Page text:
Marketing Matters Featured

9:59am EDT July 22, 2002

You hear about these all the time—death in the organization, a natural disaster, layoffs, lawsuits, regulatory violations, crime in the workplace or a service or product liability. Odds are, sooner or later, you’ll face one of these crises. How you handle it—and communicate it to others—will shape your company’s image and could determine whether you are successful, gain or lose market share or even stay in business.

For a business, dealing with a crisis is similar to fighting a forest fire. To contain the spread of fire, you must establish secure individual fire walls. If you’re successful, the fire can be contained and you can move on to fight the fire in another area; if you’re not, you can be consumed by it.

In a business crisis, the first fire wall must be built to deal with the crisis itself. That means assembling the best management team of legal, financial, operational, safety and business counsel you can, then getting to work to solve the problem.

At the same time the problem is being dealt with, you must build another fire wall to preserve your company’s reputation. That means effectively communicating facts about the crisis—and the steps you’re taking to resolve it—to customers, prospects, investors, employees, government regulators—and, yes, the media.

Crises almost always are something the media love to sink their teeth into. Take layoffs. They have an impact on the community, breed controversy and provide both an apparent bad guy and victim.

Not only can the media play up the personal, human-interest side of the story, they can present it as affecting the region’s overall economy. Because layoffs often are newsworthy, the media can turn them into a community crisis, escalating the crisis element for you.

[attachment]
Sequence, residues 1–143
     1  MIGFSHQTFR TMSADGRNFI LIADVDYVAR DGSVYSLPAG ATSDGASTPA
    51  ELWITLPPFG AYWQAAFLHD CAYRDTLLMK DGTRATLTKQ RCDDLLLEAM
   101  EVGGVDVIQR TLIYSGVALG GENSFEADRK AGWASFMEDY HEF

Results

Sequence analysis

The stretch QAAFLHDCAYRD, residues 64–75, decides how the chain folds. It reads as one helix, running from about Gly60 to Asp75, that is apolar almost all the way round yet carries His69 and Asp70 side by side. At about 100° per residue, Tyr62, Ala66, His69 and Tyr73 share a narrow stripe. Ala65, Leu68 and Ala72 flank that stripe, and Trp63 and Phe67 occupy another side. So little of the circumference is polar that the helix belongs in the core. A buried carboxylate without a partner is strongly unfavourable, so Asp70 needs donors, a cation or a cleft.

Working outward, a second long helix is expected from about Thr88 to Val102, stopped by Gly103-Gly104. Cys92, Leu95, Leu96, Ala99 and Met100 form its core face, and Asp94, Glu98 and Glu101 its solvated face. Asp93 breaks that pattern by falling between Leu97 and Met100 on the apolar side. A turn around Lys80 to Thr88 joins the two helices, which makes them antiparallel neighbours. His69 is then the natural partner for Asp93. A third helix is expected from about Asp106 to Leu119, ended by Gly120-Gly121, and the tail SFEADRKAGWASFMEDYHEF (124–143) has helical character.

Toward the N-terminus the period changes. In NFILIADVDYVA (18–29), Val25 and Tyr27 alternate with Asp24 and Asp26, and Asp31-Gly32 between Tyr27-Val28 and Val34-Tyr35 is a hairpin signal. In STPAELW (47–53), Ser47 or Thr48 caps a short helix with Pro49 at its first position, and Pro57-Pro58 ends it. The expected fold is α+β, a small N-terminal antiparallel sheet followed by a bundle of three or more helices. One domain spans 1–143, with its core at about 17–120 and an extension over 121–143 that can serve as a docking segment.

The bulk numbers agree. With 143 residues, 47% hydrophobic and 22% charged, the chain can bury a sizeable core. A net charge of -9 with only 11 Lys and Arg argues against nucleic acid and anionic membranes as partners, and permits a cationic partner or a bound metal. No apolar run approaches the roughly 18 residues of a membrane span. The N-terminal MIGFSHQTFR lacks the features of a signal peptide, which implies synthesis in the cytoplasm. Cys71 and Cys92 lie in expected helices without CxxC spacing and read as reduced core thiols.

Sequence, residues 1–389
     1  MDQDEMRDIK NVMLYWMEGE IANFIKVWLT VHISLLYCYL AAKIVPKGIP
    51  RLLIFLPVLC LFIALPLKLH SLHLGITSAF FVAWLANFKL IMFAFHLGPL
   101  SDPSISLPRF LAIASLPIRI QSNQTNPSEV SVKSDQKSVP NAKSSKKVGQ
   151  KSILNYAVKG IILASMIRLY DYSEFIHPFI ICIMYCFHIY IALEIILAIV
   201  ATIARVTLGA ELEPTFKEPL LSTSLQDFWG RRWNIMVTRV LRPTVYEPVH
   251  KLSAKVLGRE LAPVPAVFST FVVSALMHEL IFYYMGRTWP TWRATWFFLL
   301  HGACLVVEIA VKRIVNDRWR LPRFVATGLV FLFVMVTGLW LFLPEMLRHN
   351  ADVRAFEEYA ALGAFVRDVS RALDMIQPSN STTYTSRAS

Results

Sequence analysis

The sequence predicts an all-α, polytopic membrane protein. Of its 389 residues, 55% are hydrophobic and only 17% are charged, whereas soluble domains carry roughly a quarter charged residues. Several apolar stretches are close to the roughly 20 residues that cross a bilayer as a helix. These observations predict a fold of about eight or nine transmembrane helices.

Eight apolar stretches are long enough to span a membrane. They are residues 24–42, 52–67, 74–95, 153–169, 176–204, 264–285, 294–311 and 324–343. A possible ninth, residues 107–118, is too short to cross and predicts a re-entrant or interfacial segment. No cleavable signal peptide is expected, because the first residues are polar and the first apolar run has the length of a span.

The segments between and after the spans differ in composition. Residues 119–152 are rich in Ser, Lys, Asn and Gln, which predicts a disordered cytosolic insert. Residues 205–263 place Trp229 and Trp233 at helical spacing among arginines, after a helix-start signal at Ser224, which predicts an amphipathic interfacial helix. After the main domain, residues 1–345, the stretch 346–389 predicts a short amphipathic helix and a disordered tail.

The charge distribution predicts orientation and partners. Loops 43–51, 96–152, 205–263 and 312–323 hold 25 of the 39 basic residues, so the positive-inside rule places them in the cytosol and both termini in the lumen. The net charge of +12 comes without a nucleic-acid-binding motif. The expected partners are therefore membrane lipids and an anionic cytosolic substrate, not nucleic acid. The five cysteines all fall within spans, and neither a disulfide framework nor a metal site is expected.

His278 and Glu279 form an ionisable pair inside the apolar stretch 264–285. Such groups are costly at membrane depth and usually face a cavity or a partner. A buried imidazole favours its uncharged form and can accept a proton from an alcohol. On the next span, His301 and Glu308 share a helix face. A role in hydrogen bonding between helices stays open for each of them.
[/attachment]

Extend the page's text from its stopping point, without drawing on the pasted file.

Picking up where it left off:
Another way of looking at a crisis is that it puts your organization’s values on trial before the court of public opinion. Generally speaking, the American public accepts that anybody can make a mistake. It’s how you handle your mistake that becomes the critical issue.

Several years ago, the large public relations firm Porter/Novelli conducted a survey to investigate consumer response to organizational crises. It found that two-thirds of the public make buying decisions based on behaviors of organizations during a crisis. In addition, 95 percent of those surveyed said they are more offended by an organization’s lying about a crisis than they are about the crisis itself.

Consider the case of Gerber, the baby food company. A few years ago, Gerber lost 14 percent market share over reports of glass in baby food jars. The loss wasn’t so much because of the glass, but because Gerber mishandled the situation. It didn’t immediately recall the product, which gave the appearance that Gerber cared more about sales than its customers’ babies.

The point is made time and again, in crises ranging from layoffs and airline crashes to product tampering and recalls—you must act swiftly to communicate the facts of the incident to all of your important audience groups. Then, you must continue to communicate frequently and truthfully as the situation unfolds. It’s better that they obtain the facts from you, as you can control the dialog, than for them to rely on unfounded rumors and half-truths.

The essence of communicating in a crisis is not damage control or “spin.” It’s not cutting your losses. It’s leveraging the opportunity presented to enhance your reputation by responding to the crisis in such a way that people will say, “That’s a good company. They did the right thing.”

Jeff Krakoff is president of Krakoff Communications Inc. Comments. Questions can be sent via e-mail to contactus@krakoff.com.